|Format:||2 X LP|
Brand new sealed double album housed in a gatefold cover.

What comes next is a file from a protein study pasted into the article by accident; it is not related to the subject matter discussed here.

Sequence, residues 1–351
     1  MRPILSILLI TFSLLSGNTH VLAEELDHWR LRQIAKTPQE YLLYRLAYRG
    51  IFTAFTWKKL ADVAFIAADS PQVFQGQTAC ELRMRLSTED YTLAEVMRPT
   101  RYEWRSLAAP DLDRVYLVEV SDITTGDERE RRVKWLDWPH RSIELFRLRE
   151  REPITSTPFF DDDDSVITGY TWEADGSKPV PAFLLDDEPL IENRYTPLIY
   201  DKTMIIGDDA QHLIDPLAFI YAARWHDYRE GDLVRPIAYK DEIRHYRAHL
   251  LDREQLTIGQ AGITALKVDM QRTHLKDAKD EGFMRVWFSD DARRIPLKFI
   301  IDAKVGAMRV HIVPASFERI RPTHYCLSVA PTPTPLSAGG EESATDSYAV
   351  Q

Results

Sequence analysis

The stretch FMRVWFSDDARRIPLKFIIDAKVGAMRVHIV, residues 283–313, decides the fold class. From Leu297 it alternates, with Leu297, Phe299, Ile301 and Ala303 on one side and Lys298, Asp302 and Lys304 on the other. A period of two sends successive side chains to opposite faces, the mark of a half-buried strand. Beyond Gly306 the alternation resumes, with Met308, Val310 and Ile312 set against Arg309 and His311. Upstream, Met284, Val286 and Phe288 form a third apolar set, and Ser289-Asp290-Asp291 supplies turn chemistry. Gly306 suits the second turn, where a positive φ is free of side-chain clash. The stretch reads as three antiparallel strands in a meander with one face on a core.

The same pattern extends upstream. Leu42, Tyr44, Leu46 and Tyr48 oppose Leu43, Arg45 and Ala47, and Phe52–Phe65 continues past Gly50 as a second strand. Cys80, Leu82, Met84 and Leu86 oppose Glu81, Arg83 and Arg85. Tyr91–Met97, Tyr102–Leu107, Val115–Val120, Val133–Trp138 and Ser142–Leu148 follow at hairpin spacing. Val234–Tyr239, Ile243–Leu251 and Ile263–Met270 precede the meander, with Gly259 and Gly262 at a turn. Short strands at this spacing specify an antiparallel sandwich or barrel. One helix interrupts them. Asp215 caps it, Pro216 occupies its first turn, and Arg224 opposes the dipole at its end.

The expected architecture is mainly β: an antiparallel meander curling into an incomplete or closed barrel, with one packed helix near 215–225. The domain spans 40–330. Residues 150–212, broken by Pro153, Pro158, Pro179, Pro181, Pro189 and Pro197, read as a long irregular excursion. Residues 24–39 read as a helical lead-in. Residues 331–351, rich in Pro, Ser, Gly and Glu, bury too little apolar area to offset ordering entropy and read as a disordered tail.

Having already transitioned from traditional acoustic jazz and blues to her own eclectic folk- and pop-leaning originals on past albums, Madeleine Peyroux once again embraces the latter on 2018's Anthem. Named after the Leonard Cohen song that she covers with emotive precision here, Anthem finds the former busker turned chanteuse collaborating with a team of highly regard musicians, arrangers, and songwriters including longtime producer and multi-instrumentalist Larry Klein, guitarist and primary lyricist David Baerwald, organist Patrick Warren, and drummer Brian MacLeod. Also joining in at various times are guitarist Dean Parks, saxophonist Chris Cheek, drummer Jay Bellerose, and vocalist Luciana Souza (who does not sing but instead adds subtle percussion accents), and others. Although capable of tackling standards and traditional songs with a sophisticated lyricism, Peyroux is, at her core, a bohemian storyteller, a folksinger in the vein of Cohen and Rickie Lee Jones and Cohen. While some listeners may prefer her more acoustic, jazz-oriented albums, many of her songs on Anthem achieve a similar level of nuance and sophistication. This is especially true on the Harry Nilsson-esque "All My Heroes," in which she ruminates on discovering the imperfection of one's idols. She sings "All my heroes were failures in their eyes/Losers, drunkards, fallen saints, and suicides." Similarly engaging is "The Brand New Deal," in which she croons with wry cynicism about modern capitalist culture against a breezy, Steely Dan-sounding fusion groove. There's also a knowingly cheeky -- even kitschy -- quality to some of the tracks, as on the twangy, baritone guitar-led Latin lounge number "Honey Party." She also takes a similarly cheeky approach on the buoyant "On a Sunday Afternoon," in which she expounds upon the medicinal freedoms of the weekend, singing "Oh yeah, its a Sunday afternoon/Got Cap'n Crunch, and reefer, and old cartoons." There are also several dusky, literate moments -- including the languidly hopeful "We Might as Well Dance" -- that, as with much of Anthem, seem to speak to Peyroux's particularly Zen view of the world.